In this framework, the Commission recommends Member States “to increase the number of investigations and prosecutions, and to reduce the burden placed on victims and their testimonies during proceedings for evidence gathering”. To this end, investigators, prosecutors and judges need a specific training and financial investigations, as recommended by the Financial Task Force, have to be systematically used. Moreover, EU countries should dedicate sufficient financial and human resources to properly address this crime.

As for the implementation of “the second P”, focusing on identification, protection and assistance of victims of human trafficking, a more concrete and efficient Member States’ action is still necessary. The referral rate of identified victims remains low. Thus, many victims of human trafficking are not identified and so they cannot enjoy their rights. “Gender and age-specific assistance are still inadequate”, highlights the Commission report, as shelters and accommodation are not always equipped to cater for victims’ needs. Concerning child victims, even if Member States report on child-sensitive measures, the number of identified children remains low and measures for finding durable solutions inadequate.

The Commission report underlines that “victims must be considered primarily as rights holders, and they must be able to understand and exercise their rights.” Thus, all appropriate measures should be taken at national level to ensure the identification, assistance, protection and reintegration of victims of trafficking, setting up a national Referral Mechanism to coordinate the actors involved in this action. Such mechanism should be monitored and evaluated regularly. Transnational cooperation, including transnational referral mechanism, should be promoted to help victims who are trafficked outside their country of origin. For child victims, child protection should be ensured, implementing the UN Convention on the Rights of the Child. The Commission also highlights that the Schengen Information System could be used to create a missing children alert ensuring the early identification of child victims.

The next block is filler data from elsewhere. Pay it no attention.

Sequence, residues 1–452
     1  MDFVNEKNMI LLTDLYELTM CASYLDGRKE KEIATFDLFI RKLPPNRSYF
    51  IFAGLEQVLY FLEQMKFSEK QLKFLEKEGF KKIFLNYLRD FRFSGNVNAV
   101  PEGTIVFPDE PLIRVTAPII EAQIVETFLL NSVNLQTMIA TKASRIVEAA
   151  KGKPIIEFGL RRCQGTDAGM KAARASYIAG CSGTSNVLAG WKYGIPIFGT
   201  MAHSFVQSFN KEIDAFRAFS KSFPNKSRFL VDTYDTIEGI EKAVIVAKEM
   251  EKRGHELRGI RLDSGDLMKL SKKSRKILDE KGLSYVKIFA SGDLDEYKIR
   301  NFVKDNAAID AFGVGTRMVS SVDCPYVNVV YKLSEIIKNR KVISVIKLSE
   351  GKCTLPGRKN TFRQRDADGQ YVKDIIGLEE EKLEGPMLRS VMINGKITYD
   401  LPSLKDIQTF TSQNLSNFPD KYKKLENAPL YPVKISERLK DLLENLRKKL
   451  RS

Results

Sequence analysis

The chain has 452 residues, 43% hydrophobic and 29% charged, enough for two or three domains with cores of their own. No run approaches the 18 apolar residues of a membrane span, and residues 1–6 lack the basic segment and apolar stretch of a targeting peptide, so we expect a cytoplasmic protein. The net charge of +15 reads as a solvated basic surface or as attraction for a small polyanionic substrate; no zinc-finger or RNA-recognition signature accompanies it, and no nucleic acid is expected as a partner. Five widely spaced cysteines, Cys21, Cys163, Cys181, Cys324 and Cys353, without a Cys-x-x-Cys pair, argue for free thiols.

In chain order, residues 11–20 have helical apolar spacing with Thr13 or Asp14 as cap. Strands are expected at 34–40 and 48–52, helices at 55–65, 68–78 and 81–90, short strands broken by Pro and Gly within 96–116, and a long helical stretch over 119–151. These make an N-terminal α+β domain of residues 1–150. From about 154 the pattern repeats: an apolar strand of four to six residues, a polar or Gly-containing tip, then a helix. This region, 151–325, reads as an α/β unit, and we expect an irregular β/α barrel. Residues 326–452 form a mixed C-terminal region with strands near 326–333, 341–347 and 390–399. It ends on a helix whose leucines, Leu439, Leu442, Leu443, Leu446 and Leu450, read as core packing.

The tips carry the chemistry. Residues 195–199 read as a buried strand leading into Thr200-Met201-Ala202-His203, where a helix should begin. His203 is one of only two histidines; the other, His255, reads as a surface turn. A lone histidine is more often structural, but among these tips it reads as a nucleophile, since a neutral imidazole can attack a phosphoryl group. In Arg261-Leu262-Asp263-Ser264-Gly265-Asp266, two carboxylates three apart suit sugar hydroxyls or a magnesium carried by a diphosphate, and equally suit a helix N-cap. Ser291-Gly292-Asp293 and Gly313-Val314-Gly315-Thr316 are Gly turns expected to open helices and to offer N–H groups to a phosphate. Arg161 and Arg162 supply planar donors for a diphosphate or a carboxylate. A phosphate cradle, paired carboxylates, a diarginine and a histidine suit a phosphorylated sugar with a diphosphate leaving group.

Finally, concerning “the third P” on prevention, Member States reported extensive action on prevention measures (in line with Article 18 of the anti-trafficking Directive). In fact, as recalled by the Commission report, “eradication of trafficking in human beings can only be achieved if the crime is prevented from happening in the first place by using all available tools at EU and national level.” This first means that those who profit from the crime and exploit the victims should be brought to justice. Detection of cases of trafficking in human beings has increased after a training of the frontline staff. However, information reported also addresses the ad-hoc nature of training activities, the lack of specialised training and a gender-specific and child-centred approach. Moreover, EU countries stress the pivotal role played by the private sector in preventing trafficking in human beings.